What is Passive House?

Passive House chart

2Life Communities utilizes the highest standards of universal design, adaptability, and sustainability in every project.

Passive House is a set of construction principles and 2Life’s primary construction method to address energy usage and resiliency, bringing improved health, economic, and environmental benefits to our residents and addressing the important objective of reducing our carbon footprint.  

In March 2024, 2Life opened J.J. Carroll House in Brighton, which, when certified, will be the largest Phius certified Passive House building in Massachusetts and in the top 10 for all Passive House buildings in the United States and Canada. That sounds amazing, but what does “building a Passive House ” mean, and where did the principles originate?

About 36 years ago, Professor Bo Adamson of Lund University, Sweden, and Dr. Wolfgang Feist of the Institute for Housing and the Environment, Germany, set out to create affordable, comfortable housing that provided superior air quality and consumed very little energy while still featuring creative design. Their vision became a reality with the construction of the Kranichstein PassiveHouse in Darmstadt, Germany, in 1990. The row of four terrace houses boasted heating energy consumption that was only 10% of standard homes at the time because they used only internal heat sources, solar energy, and the minimal heating of fresh air through mechanical ventilation heat recovery.

In the last few decades, the term “Passive House” has come to mean housing that consumes very little energy. However, that definition ignores the focus on resident comfort and environmental impact.

Passive House standards in Massachusetts in recent years stay true to the original intent of Lund and Feist and focus on:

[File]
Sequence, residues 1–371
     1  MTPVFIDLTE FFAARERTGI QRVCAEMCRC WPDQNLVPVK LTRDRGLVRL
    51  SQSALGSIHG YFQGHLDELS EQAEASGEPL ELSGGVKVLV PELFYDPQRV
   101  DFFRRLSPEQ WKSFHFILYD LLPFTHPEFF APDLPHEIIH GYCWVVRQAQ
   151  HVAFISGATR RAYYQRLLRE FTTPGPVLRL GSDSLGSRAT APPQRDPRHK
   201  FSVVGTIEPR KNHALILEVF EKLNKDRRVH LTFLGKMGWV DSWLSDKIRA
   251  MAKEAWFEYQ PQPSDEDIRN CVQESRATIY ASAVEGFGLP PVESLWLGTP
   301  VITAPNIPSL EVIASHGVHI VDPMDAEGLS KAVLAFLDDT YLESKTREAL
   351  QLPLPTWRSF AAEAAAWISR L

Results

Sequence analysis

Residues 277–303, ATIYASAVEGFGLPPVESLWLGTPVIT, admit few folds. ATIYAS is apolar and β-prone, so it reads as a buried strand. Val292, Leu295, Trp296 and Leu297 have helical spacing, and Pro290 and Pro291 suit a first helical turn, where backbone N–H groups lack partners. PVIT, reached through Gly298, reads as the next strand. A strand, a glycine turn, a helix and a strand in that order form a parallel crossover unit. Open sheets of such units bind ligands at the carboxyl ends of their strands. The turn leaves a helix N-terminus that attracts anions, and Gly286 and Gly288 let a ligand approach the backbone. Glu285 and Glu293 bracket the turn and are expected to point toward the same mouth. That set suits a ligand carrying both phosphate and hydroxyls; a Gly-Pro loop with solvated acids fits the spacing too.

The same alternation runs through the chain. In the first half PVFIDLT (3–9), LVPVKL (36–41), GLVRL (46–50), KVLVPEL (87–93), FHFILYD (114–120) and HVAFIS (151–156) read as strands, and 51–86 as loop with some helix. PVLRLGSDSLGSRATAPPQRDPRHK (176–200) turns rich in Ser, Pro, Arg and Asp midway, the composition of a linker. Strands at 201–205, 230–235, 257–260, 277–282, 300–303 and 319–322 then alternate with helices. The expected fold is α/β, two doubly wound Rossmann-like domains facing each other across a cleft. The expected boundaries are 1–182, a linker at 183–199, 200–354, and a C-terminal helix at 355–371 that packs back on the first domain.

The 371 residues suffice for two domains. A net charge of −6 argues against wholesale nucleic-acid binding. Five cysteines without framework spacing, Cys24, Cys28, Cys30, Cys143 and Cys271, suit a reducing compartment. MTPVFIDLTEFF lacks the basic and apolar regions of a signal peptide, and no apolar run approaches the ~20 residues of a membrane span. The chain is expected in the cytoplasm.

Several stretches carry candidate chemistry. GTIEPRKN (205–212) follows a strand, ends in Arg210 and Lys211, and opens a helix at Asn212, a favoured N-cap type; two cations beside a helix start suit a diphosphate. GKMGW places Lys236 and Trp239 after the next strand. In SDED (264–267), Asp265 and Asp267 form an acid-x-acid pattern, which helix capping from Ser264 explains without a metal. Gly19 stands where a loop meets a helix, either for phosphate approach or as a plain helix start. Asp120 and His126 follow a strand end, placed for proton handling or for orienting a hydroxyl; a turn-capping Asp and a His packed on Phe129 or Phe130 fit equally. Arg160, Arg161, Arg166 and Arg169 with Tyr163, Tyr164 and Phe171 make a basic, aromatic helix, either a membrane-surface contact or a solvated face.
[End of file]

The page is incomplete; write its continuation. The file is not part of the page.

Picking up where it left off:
• Very low energy use and operational costs
  • Healthy air quality
  • Comfortable interior temperatures with no drafts
  • Maximizing natural light and minimizing acoustic noise
  • Building resilience and comfort

To achieve these goals, builders rely on continuous exterior thermal insulation, high-performing windows and doors, solar energy, highly efficient mechanical systems, and other insulation and energy loss prevention methods.

Check out this video to see how it all works:

 

Energy consumption is not the only environmental factor 2Life considers. Reducing carbon emissions and building a structure that is better prepared for climate change are additional factors. Not only are building materials selected for their durability, but lowering carbon emissions created in the production, installation, maintenance, transportation, and disposal of these building materials is another 2Life priority.  Leland House, currently under construction in Waltham, has received Passive House pre-certification and two awards in the Built Environment Plus and Massachusetts’s Clean Energy Center’s Embodied Carbon Reduction Challenge, recognizing our team’s efforts in reducing upfront carbon and creating a replicable, cost-effective model.

Passive House standard aligns with 2Life’s real estate development approach of creating inviting, comfortable spaces that are both efficient and built to last – because it’s the right thing to do for the environment as well as 2Life’s residents. Resilient buildings and durable appliances mean fewer costly repairs and upgrades over time. The focus on healthy air circulation and controlled building and apartment temperatures means that our residents live in comfort both in their apartments and in common areas, and they do not have to worry about heating and cooling costs. Finally, any funds saved through construction rebates and lower energy consumption can be allocated to services, programs, or additional projects to benefit older adults.

2Life is committed to adhering to the Passive House principles in every new community we create.

To learn more about Passive House: 

Phius

The History of Passive House

What is Passive House?

 

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